Number of Americans who #RenounceCitizenship Surged in 2nd Quarter http://t.co/I84MIgTFbN – Will encourage #americansabroad to renounce!
— U.S. Citizen Abroad (@USCitizenAbroad) August 10, 2013
This is a rather disappointing article from an author who has written on this issue before. Why disappointing? The general tone seems to equate Americans Abroad with tax evaders and terrorists (whatever those are). That said, it’s one more article reporting the increasing numbers renouncing U.S. citizenship.
The U.S. launched the tax crackdown after the terrorist attacks of Sept. 11, 2001, and ratcheted up its efforts after 2009, amid evidence that UBS AG UBSN.VX 0.00% and other foreign institutions helped U.S. taxpayers hide assets.
Some taxpayers have applied for IRS limited-amnesty programs, in which they pay stiff penalties for past noncompliance but avoid prosecution.
Tax lawyers say the crackdown has ensnared smaller violators who weren’t intentionally evading U.S. taxes.
In addition, a law enacted in 2010, the Foreign Account Tax Compliance Act, or Fatca, requires foreign financial institutions to certify they aren’t hiding U.S. taxpayer assets, which lawyers say is leading some to reject U.S. customers.
Taxpayer penalties for failing to report assets can be severe, including up to 50% of an account balance for each year.
Although there is some suggestion that renunciations are caused by the time, expense and fear of compliance burdens, these suggestions are “too little and too late” in the article (at least that’s my interpretation). Therefore, I would suggest getting over to the comment section and offer them an “IBS Educational Seminar” on the impossibility of U.S. citizenship abroad.
Interestingly there was one rather good comment from some guy named Roger Conklin (amazing how much he seems to know). He argues, rather convincingly that a move to RBT/Territorial taxation would be good for the U.S. economy.
The US is one of the two nations of the world that belong to that very exclusive club of countries that subjects its citizens to citizenship-based taxation. The only other member nation is Eritrea, a” thriving” democracy in Africa. These two nations, in addiction to subjecting all of their residents to taxation on their world-wide income, also subject their citizens to homeland taxation if they live and work abroad, as if they never left home. Both US and Eritrean citizens living abroad are simultaneously subject to the tax laws of both their country of citizenship as well as the country where they reside. Both exert their “right” to assess and collect taxes from their citizens residing within the sovereign borders of every other nation. All other nations tax the world-wide income only of their residents, regardless of citizenship.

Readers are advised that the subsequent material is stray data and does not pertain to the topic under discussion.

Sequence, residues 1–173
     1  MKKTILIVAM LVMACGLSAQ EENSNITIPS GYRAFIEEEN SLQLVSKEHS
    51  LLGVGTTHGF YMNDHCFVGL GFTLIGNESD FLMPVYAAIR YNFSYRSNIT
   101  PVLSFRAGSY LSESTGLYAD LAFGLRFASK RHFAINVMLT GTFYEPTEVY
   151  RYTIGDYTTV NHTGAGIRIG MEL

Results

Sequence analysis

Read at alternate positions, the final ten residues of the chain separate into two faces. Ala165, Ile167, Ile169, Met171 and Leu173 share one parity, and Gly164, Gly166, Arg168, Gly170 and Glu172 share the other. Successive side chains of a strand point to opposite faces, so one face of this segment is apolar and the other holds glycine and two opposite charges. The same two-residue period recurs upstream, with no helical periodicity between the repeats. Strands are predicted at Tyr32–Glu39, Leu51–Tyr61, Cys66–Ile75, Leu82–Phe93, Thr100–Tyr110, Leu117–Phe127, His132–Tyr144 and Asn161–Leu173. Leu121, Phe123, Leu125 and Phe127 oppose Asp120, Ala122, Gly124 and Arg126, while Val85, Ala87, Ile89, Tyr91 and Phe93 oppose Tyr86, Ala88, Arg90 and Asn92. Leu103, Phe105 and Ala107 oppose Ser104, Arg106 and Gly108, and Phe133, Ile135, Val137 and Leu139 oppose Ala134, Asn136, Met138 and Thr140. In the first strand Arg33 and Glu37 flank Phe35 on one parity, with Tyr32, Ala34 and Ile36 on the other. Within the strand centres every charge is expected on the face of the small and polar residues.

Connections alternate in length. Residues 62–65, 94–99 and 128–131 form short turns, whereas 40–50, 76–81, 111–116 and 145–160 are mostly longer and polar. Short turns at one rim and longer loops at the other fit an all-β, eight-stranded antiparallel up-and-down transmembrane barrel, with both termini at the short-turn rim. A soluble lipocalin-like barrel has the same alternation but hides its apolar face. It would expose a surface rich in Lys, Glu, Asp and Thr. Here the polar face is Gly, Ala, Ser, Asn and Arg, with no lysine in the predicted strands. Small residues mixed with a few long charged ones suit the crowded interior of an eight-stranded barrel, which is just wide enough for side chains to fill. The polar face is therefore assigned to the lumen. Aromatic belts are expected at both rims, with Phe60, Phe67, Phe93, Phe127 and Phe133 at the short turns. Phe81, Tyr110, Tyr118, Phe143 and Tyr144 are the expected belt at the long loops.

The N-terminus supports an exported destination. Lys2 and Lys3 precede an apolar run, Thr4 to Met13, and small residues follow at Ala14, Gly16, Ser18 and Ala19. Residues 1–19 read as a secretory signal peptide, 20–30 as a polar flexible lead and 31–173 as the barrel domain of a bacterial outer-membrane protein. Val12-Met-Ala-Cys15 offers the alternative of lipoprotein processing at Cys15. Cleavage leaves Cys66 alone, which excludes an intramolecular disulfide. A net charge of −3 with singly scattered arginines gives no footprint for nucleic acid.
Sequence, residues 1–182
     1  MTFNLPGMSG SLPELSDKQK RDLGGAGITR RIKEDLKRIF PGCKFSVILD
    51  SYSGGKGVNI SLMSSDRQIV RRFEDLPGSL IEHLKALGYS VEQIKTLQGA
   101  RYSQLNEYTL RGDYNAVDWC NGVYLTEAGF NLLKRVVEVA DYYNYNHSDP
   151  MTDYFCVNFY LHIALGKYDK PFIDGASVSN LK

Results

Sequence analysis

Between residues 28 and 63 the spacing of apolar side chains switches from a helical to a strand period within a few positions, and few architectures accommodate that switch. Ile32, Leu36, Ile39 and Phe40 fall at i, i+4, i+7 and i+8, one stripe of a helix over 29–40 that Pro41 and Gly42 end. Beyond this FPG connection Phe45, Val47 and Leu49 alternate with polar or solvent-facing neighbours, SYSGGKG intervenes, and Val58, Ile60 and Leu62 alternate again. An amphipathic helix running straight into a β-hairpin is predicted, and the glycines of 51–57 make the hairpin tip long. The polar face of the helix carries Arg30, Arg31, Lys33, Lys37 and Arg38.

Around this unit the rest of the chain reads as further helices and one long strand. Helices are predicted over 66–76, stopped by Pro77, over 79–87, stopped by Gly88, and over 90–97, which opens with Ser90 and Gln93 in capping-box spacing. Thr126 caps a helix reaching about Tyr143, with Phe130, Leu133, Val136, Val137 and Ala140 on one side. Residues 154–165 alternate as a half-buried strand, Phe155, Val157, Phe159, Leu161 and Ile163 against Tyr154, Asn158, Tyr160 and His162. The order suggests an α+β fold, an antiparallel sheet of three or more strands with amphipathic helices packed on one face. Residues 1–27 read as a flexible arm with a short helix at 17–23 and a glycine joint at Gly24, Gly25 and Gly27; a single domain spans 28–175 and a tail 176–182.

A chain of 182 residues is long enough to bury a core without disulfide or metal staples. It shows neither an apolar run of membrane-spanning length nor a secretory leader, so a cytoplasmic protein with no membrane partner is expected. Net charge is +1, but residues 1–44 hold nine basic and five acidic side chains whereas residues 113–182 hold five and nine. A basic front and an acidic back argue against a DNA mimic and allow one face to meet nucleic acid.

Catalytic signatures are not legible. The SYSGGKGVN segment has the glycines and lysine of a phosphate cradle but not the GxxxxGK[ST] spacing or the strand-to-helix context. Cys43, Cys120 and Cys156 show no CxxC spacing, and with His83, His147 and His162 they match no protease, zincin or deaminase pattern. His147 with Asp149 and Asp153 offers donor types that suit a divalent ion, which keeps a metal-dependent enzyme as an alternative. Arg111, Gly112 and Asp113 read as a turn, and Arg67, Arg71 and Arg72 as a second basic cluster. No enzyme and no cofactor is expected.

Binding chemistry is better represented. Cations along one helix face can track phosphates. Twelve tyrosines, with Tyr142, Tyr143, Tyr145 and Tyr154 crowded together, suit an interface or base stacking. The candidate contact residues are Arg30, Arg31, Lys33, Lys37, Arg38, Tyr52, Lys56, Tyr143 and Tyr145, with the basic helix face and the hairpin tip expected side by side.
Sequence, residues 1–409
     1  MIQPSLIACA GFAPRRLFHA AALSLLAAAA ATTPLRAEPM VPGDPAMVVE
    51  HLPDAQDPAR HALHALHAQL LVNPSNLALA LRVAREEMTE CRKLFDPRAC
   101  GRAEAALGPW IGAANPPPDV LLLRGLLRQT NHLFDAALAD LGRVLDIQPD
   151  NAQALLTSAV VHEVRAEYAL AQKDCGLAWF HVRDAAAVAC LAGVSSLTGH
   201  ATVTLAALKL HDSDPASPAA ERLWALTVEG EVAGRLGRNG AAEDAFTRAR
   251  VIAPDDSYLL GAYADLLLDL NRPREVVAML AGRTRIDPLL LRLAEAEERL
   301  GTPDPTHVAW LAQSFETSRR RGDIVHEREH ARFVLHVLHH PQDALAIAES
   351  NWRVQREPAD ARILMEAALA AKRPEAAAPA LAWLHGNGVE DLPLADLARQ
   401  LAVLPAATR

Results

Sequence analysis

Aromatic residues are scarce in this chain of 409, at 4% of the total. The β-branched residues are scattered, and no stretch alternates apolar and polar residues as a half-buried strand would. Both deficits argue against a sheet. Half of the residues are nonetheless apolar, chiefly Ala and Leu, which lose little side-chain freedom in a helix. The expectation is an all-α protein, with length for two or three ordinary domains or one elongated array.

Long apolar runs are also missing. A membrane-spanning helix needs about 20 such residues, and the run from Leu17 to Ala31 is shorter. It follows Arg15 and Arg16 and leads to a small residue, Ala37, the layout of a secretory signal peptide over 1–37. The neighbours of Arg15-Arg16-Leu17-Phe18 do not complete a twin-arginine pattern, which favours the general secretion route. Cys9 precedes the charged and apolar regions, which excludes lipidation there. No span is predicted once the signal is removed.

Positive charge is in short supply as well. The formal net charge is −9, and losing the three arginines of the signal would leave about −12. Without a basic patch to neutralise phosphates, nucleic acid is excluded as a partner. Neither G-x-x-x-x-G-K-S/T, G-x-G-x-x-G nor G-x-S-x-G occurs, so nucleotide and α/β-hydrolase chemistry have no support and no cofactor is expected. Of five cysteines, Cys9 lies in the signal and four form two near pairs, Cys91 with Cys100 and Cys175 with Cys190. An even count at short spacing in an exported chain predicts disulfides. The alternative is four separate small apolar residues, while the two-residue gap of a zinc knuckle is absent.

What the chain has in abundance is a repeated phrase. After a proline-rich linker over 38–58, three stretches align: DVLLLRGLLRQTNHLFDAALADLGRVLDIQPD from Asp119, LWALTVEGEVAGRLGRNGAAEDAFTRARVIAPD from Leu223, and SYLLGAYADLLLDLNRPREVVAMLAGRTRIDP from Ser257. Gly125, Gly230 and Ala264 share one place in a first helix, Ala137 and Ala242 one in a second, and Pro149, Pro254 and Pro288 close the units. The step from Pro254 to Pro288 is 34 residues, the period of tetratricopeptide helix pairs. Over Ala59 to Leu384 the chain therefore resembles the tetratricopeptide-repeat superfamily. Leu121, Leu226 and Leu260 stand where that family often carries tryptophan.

The UN Security Council condemned Eritrea by Resolution 2023 (2011) in December 2011 on the basis that its citizenship-based taxation violates the UN Universal Human Rights Declaration by depriving its citizens of the right to freely leave and return to any country, including their to own. They can leave, but they must continue to pay Eritrean tax no matter where they go. Heaven help them if they return home for a visit not being current in their tax obligations. Susan Rice, then US Ambassador to the UN, led the charge in securing this condemnation, thus asserting the right US to be the only nation permitted to violate the territorial taxation sovereignty of other nations with impunity.
FATCA obligates all foreign banks, at their own expense, to violate the privacy laws of their countries by providing fully-detailed annual reports to the IRS on all of their accounts with any US-person ownership, including jointly owned by their foreign spouses and relatives, in English with foreign currency values converted to equivalent dollars. Prominent US citizens living abroad, having been born in the US, include the King of Thailand, the mayor of London, one dual-citizen Canadian provincial premier and 6 members of the Canadian parliament as well as the 2 adult children of recently-deposed Egyptian president Morsi, as well as all children born abroad to one US parent who speak no-English, have never been in the US or held a US passport who likely do not even know they hold US citizenship. All are subject to US taxation and FATCA. There are 16 IRS instructions for US citizens abroad with 7,332 pages, plus 667 pages of tax forms. The FATCA instruction for foreign banks has 544 pages. The middle-class US citizen abroad can expect to pay the equivalent of one month’s wages for competent professional assistance in filing his US tax return, even though foreign tax credits in very high tax countries may totally offset his US tax obligation. Citizenship based taxation is not a revenue generator for the US Treasury, but a punishment for Americans residing outside of the US.